I get it, ladies. It'a annoying when society wants to give the father of your child a damn trophy for simply parenting. Worshiping dads for completing rudimentary tasks is a cultural problem, for sure. I'm not saying we should hand out "Changed a Diaper" or "Got Up With the Baby" patches we moms lovingly sew onto the dad uniform (t-shirt and cargo shorts, duh). But I do think the "stop celebrating dads for just being dads" has gotten a little out of control. In my house, I praise my kid's dad for simply parenting, including the times he does something I do every single day.
My husband works full-time as a captain in the U.S. Army. I work two part-time jobs while my daughter is at preschool three days a week. By virtue of the time I spend with our child, I'm the primary caregiver. When my husband is home, however, he fully participates as a parenting partner. Before he leaves in the morning, he unloads the dishwasher and, when our daughter was a baby, he would sanitize her bottles. When he comes through the door in the evening, he takes over childcare duties while I make dinner. After we eat, one of us is usually on kitchen patrol while the other one bathes the toddler. On the weekends, he gets her dressed and fed before I'm even up, and he's diligent about taking her to go potty (in public, too).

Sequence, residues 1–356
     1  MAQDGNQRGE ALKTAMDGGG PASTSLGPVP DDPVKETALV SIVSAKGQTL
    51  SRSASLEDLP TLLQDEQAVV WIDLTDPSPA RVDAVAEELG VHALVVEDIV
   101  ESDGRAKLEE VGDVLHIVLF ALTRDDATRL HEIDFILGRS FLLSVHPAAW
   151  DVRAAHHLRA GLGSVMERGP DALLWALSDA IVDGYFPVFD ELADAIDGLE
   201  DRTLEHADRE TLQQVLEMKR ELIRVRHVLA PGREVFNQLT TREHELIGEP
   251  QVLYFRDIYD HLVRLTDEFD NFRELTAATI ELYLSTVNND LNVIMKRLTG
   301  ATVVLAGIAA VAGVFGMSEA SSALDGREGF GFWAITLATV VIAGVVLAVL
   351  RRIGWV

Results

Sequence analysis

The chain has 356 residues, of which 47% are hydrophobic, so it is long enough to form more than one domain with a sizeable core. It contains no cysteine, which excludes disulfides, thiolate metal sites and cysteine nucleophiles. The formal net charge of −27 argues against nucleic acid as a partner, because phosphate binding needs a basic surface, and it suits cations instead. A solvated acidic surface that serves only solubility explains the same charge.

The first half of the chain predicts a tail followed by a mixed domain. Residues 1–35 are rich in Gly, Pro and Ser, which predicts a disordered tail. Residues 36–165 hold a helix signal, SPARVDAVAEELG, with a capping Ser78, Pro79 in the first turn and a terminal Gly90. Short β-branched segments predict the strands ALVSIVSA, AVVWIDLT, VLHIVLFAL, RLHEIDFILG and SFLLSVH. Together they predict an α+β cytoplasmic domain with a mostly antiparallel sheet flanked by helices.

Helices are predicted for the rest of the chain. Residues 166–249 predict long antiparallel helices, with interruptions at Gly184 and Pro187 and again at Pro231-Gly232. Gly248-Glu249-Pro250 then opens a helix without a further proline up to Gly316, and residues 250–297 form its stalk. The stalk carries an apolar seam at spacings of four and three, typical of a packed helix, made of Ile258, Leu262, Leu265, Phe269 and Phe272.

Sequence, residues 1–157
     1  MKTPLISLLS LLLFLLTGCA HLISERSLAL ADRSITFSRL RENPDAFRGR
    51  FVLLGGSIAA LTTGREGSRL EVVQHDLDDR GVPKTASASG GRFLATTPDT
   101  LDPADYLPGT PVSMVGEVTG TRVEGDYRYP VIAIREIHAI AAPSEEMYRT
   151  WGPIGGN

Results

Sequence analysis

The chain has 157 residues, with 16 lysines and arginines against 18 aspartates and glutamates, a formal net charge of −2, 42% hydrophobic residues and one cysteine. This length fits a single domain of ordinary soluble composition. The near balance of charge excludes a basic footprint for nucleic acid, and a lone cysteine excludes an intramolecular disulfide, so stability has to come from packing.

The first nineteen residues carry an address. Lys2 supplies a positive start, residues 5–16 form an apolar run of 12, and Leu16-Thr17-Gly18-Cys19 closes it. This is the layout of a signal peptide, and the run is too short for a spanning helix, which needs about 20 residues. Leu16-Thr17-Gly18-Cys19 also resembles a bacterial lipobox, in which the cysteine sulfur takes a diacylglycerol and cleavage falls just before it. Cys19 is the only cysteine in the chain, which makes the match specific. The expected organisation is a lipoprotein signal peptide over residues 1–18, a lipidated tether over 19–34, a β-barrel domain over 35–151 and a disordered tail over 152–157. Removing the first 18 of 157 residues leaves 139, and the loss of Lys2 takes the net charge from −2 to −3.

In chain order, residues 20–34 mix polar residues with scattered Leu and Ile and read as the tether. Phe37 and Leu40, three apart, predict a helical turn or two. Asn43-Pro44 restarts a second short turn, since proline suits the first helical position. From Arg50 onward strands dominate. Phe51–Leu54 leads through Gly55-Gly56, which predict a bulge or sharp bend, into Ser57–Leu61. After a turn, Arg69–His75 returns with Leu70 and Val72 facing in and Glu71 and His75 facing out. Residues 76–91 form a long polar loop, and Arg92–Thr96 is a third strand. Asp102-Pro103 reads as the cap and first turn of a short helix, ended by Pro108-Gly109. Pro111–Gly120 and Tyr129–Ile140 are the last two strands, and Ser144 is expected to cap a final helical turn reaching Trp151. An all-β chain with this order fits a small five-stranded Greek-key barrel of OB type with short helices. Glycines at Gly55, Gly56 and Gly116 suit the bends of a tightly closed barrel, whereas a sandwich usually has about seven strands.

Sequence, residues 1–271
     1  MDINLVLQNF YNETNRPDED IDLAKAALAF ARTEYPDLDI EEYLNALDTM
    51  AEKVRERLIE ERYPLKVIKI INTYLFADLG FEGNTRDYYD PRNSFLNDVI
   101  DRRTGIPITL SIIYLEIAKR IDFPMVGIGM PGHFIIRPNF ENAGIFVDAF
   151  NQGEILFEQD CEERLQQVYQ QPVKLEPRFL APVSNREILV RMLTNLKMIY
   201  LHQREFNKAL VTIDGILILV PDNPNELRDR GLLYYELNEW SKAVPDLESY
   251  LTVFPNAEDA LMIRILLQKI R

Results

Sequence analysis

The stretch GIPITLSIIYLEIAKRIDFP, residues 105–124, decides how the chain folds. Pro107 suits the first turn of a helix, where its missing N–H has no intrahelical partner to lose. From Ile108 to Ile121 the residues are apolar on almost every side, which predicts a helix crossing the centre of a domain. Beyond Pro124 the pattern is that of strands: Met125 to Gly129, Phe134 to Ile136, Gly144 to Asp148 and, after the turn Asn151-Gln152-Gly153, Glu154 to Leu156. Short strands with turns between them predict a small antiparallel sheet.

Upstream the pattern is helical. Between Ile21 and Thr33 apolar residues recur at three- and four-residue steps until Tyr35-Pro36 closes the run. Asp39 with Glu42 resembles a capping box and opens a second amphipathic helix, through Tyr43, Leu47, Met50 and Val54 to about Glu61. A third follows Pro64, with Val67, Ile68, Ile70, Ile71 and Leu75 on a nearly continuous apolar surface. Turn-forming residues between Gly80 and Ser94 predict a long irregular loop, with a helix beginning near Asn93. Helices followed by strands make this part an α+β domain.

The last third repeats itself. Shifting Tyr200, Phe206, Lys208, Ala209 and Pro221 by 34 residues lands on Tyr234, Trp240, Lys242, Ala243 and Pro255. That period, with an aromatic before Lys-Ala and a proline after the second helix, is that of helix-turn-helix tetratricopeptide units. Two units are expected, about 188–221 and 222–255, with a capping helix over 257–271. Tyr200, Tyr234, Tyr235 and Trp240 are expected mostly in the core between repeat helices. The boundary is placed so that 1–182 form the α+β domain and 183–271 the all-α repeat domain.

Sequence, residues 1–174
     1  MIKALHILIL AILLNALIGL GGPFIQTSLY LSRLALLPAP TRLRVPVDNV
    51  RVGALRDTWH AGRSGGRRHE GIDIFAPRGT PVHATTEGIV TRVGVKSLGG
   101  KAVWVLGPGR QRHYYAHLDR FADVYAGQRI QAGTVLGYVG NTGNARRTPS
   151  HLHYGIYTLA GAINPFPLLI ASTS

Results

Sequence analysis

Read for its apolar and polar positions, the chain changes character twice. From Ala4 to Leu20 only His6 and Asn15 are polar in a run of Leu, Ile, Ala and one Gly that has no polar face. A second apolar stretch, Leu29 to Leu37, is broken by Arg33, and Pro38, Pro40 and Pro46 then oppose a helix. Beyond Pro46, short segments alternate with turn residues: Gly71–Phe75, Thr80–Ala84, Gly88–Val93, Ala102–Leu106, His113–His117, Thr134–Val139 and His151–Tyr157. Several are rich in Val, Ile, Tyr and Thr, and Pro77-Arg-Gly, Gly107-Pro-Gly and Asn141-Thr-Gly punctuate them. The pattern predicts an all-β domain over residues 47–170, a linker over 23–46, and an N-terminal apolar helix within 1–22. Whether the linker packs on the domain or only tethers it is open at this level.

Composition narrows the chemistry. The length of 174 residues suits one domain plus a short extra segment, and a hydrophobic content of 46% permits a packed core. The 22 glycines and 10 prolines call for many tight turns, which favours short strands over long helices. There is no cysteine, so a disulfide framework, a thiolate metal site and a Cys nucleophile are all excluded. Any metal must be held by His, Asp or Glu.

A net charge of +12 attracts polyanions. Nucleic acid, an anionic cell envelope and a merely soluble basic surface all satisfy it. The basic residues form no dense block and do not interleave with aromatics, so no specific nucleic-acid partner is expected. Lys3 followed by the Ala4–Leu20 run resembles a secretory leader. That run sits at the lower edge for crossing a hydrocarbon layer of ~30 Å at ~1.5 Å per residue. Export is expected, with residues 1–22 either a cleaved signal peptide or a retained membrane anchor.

Doesn't all of this just fall into the category of being a "good dad," though? My answer is yes, but it doesn't mean it doesn't deserve some recognition. So what if I do the same thing, but backwards and in high heels (thanks, Ginger Rogers)? I'm not going to post all over Facebook about how #blessed I am to have such an amazing father for my daughter, or ever refer to what he does as "babysitting" or "helping." But in the privacy of our own home, you better believe I'm giving him two thumbs way up. Here's why: